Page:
The group, aged between 16 and 24, fought off stiff competition to secure training contracts with Sheffield City Council’s Streets Ahead Contractor Amey.

Working in a variety of areas, including business administration, finance, mechanics, signage, highway maintenance and arboriculture, the new trainees have already attended a welcome event where they were able to meet each other and get stuck into some team building activities.

During their time on the project the apprentices will gain experience in their chosen trades, in addition to undertaking NVQ training at Sheffield College. They will also work towards gaining the Duke of Edinburgh’s Business Gold award.

The appointments continue Sheffield City Council’s commitment to tackling unemployment in the city, by training young people and supporting them to gain qualifications and long-term career prospects.

Sheffield City Council Leader, Julie Dore said: “Not only is the Streets Ahead project making the streets of Sheffield better and safer, it’s creating jobs and apprenticeship opportunities for young people across the city.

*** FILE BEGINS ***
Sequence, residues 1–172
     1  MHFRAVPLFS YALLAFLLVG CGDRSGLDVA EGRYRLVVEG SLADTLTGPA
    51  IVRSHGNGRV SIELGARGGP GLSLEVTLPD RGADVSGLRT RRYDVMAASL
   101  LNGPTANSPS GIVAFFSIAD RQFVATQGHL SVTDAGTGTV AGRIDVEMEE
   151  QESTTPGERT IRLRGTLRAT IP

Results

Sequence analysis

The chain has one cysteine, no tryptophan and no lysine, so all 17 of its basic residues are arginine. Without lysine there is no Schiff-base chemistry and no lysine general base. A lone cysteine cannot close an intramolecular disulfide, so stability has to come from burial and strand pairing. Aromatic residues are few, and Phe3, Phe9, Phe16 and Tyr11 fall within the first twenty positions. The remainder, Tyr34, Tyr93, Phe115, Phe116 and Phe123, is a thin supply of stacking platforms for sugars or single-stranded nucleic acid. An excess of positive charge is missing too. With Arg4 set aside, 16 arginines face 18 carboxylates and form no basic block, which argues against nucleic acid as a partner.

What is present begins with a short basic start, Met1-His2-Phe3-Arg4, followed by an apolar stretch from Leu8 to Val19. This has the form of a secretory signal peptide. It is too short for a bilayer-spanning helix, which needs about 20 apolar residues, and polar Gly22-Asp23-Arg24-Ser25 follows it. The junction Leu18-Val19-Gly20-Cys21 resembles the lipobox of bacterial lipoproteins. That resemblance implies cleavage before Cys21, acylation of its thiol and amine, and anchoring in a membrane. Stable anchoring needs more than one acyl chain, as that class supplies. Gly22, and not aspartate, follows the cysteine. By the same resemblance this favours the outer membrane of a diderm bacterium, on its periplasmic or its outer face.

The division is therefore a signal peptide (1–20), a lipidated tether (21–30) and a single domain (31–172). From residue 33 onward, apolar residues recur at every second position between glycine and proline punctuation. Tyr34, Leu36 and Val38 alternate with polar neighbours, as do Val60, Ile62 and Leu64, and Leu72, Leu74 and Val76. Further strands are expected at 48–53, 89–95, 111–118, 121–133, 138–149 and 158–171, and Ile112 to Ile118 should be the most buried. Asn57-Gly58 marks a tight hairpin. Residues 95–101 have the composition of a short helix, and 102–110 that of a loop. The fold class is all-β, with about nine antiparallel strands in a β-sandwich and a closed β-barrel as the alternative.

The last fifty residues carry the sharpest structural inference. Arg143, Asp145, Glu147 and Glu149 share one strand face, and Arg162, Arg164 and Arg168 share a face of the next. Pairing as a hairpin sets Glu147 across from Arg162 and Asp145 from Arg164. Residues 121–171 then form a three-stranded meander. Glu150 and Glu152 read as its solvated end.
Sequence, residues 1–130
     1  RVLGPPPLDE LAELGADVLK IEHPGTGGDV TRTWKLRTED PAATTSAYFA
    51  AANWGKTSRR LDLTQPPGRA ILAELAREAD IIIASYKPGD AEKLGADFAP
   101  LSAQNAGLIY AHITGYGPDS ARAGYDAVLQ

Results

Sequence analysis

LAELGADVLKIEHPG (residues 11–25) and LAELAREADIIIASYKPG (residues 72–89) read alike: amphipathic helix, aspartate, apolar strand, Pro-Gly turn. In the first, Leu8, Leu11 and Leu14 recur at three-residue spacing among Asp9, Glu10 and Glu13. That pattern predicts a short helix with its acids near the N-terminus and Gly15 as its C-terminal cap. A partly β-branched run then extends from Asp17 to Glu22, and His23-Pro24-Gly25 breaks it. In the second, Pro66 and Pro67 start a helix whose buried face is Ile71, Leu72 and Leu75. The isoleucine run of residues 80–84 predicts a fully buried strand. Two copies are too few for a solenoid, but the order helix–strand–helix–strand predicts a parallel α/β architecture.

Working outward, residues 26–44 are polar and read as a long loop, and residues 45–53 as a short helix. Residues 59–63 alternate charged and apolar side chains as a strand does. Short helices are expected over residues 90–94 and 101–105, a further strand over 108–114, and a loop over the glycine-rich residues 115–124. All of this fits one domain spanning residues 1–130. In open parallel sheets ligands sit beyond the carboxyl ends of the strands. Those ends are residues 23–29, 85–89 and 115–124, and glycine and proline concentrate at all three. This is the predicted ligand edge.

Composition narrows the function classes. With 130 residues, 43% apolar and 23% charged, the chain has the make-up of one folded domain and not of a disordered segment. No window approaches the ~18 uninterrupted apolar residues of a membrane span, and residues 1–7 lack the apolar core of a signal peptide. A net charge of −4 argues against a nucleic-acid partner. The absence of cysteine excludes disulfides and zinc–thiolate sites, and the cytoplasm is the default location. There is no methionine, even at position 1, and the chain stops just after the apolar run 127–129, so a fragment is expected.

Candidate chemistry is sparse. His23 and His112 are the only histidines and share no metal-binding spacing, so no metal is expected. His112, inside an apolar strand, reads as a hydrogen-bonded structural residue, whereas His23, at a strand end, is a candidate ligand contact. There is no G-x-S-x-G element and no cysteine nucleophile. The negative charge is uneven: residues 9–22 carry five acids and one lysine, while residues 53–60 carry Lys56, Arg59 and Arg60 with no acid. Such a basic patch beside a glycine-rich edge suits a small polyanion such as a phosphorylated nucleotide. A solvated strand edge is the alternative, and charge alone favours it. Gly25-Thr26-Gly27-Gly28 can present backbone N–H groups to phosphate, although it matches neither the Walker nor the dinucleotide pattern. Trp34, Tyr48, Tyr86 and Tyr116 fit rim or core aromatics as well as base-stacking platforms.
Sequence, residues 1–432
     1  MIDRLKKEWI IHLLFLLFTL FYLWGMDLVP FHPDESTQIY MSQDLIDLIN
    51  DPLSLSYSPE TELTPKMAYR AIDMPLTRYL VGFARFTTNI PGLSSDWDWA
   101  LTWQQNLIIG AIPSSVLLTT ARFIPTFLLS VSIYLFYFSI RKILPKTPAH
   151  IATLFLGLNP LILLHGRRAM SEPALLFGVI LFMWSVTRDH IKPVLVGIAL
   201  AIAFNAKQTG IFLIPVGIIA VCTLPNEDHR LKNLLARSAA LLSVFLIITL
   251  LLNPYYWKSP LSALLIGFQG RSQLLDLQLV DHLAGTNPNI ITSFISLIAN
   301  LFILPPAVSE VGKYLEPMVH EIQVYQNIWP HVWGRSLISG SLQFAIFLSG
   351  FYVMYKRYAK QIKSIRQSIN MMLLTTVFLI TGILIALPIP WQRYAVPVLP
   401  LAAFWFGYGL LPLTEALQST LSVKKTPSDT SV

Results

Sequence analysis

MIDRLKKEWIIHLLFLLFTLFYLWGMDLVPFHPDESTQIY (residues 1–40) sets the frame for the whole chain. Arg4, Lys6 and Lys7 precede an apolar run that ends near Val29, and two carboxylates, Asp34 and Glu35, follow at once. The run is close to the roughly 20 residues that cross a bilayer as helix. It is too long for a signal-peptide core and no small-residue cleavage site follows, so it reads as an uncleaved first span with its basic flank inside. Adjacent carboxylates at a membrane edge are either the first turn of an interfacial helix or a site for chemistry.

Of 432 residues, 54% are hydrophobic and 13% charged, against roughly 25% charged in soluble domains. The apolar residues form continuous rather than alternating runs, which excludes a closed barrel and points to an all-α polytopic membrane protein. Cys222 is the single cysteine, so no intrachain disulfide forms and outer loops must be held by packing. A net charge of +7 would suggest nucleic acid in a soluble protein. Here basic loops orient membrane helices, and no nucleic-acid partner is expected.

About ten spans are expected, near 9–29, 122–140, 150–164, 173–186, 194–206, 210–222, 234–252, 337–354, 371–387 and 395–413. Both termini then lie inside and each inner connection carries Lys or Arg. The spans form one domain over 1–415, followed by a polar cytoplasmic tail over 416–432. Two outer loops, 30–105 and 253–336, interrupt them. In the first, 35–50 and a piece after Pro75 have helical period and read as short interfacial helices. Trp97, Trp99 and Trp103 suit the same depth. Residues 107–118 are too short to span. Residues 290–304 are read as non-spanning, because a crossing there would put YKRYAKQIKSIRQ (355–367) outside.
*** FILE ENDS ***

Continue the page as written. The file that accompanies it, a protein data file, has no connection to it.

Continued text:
“The young people who are taking on these apprenticeship roles are the ones that will deliver our future highway services and therefore investing in them now and putting them on the road to success is beneficial to both them and Sheffield.”

Cllr Jack Scott, Cabinet Member for Environment, Recycling and Streetscene, said: “As a city we need young people with the right skills and apprenticeships are a key part of creating a workforce for the future. That’s why we are so pleased to welcome these 12 young people to the Streets Ahead project.”

What the apprentices think:

Joe Poulton, 18, Arboriculture, said:

“I was attracted to an apprenticeship in Arboriculture as it’s a good industry to be in and really good for progression. It’s also an outdoor role which I like. I’m already learning a lot and I’m looking forward to a long-term career in Arboriculture; the more I learn the more I enjoy it. I like that I can learn the skills that I need whilst on the job, but the theory behind it all at college.”

Kyle Leach, 16, Signs, said:

“An apprenticeship in signs interested me as I have a passion for engineering and an interest in graphics. I also wasn’t interested in staying at school; I liked the idea of learning on the job and starting on the road to my career, whilst getting paid at the same time.”

Lewis Oxley, 21, Business Administration, said: